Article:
K. K. Narendran, J. - A question of some importance in taxation law arises for consideration in these Original Petitions. The question is this. An assessment made in accordance with law became final. Sub-sequently, in a similar case it was established by a judicial decision that the assessment was unlawful. Can a demand be made for the tax assessed and will this court interfere with the demand in a proceedings under Article 226 of the Constitution, in view of Article 265 of the Constitution of India which says that no tax shall be levied or collected except by authority of law.
2. The petition is these Original Petitions were assessed to the land cess by the 2nd respondent Panchayat under S. 66A of the Kerala Panchayats Act, 1960, and the Kerala Panchayats (Levy & Collection of Land Cess) Rules, 1971. The assessments became final. But, later this Court in Cochin Malabar Estate and others vs. Executive Officer, Varantharappilly Panchayat held that similar demands made under S. 66A of the Kerala Panchayats Act 1960, are unsustainable as the same were made without complying with the procedural safeguards in respect of the assessment proceedings. Thereafter, the 1st respondent, Executive Officer of the Panchayat, issued the demand notices marked as Ext. P1 in both the Original petitions to the petitioners calling upon them to pay the land cess in respect of the years 1973-74 to 1975-76. Thereupon the petitioners submitted objections to the demand notices produced as Ext. R.1 along with the counter affidavits filed by the 1st respondent in both the Original Petitions. Apprehending further steps for the collection of the land cess the petitioners approached this court with these original petitions for quashing Ext. P1 demand notices issued.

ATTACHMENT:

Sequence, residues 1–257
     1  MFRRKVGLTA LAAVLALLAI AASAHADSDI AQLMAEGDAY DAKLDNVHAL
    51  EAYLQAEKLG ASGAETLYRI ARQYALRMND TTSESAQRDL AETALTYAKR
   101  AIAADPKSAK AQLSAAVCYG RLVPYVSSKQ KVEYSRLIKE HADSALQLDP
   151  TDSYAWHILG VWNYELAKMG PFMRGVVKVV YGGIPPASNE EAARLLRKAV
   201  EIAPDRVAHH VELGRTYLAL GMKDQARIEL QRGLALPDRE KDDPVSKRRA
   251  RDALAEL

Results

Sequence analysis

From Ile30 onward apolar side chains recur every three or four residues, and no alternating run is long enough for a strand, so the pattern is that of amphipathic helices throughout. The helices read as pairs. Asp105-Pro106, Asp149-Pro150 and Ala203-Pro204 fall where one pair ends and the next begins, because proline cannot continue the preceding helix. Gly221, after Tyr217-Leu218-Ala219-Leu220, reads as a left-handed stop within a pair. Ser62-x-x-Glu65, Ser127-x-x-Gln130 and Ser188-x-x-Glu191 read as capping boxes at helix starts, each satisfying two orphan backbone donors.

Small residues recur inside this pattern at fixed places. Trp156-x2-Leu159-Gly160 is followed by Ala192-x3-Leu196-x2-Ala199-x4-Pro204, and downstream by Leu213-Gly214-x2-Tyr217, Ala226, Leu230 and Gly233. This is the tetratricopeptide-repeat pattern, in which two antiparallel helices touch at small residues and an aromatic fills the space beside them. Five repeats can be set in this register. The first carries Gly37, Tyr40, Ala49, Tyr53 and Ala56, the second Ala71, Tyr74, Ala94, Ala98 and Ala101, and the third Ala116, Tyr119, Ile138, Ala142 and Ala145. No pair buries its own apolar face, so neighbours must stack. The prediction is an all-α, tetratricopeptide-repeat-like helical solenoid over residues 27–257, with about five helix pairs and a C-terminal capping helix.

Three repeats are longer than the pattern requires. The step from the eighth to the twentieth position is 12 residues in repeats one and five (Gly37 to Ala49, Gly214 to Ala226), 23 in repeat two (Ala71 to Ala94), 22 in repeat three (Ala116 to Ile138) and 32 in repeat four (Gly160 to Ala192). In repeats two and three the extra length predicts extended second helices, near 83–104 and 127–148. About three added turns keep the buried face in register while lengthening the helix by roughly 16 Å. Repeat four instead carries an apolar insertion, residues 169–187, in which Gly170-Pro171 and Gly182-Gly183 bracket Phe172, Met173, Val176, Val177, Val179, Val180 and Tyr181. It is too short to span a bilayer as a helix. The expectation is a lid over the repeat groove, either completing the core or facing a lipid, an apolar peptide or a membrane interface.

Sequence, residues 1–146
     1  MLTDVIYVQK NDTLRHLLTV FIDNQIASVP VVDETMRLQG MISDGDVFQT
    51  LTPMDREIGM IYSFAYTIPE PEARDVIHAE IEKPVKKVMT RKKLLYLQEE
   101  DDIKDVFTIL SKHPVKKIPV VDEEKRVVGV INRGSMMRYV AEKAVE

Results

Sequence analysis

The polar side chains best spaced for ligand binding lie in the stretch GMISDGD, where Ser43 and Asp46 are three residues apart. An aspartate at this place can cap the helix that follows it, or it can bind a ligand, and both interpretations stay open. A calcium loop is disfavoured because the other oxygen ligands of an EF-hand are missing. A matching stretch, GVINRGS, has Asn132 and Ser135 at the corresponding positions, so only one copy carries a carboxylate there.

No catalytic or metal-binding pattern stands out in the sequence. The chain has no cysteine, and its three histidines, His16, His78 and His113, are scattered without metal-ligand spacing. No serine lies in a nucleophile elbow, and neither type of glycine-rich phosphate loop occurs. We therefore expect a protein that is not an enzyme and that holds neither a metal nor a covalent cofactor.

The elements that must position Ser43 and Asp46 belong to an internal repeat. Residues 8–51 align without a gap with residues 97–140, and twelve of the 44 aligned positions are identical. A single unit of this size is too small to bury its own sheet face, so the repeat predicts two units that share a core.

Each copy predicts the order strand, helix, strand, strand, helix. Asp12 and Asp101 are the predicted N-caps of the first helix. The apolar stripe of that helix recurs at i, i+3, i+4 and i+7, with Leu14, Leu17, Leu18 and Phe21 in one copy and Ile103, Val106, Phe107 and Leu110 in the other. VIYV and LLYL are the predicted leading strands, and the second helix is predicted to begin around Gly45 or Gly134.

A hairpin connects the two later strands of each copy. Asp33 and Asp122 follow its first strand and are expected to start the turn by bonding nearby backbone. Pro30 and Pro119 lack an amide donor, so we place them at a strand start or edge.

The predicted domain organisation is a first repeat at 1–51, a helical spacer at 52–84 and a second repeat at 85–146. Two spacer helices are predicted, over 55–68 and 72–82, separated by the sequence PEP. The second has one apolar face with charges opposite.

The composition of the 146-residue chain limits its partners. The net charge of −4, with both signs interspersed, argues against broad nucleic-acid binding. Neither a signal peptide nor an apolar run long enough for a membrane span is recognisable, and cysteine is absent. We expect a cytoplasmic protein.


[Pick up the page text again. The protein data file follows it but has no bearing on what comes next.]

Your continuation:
3. Sri K. Prabhakaran, learned counsel for the petitioners contends that view of the decision in Cochin Malabar Estates and Others vs. Executive Officer, Varantharappilly Panchayat, the land cess assessed upon of Article 265 of the Constitution of India. In support of this contention learned counsel refers to Royalseema Construction vs. Deputy Commercial Tax Officer. In the above case collection of Sales Tax on works contracts assessed on the petitioners there was questioned by them after the Madras High Court held in Gannon Dunkerly and Company, (Madras) Ltd. vs. State of Madras that works contracts did not involve any element of sale of materials and that therefore levy of Sales tax in respect of those materials was unlawful. A writ of mandamus was issued directing the officers to forebear from collecting the tax from the petitioners. In the above case the High Court of Madras held :-
'The words 'levy' and collection' are used in Article 265 of the Constitution of India in a comprehensive manner and they are intended to include and envelop the entire process of taxation commencing from the taxation statute to the taking away of the money from the pocket of the citizen. Article 265 enjoins that every stage in this entire process must be authorised by the law'.
The Court further held :-
'The finality of an assessment under the terms of a taxing statute is not always or necessarily conclusive of the legality of the assessment. An assessment made without jurisdiction or in pursuance of a provision which is found to be ultravires continues to be unlawful, and nothing less than a validating provision properly enacted would alter that fact.'
It was also held :-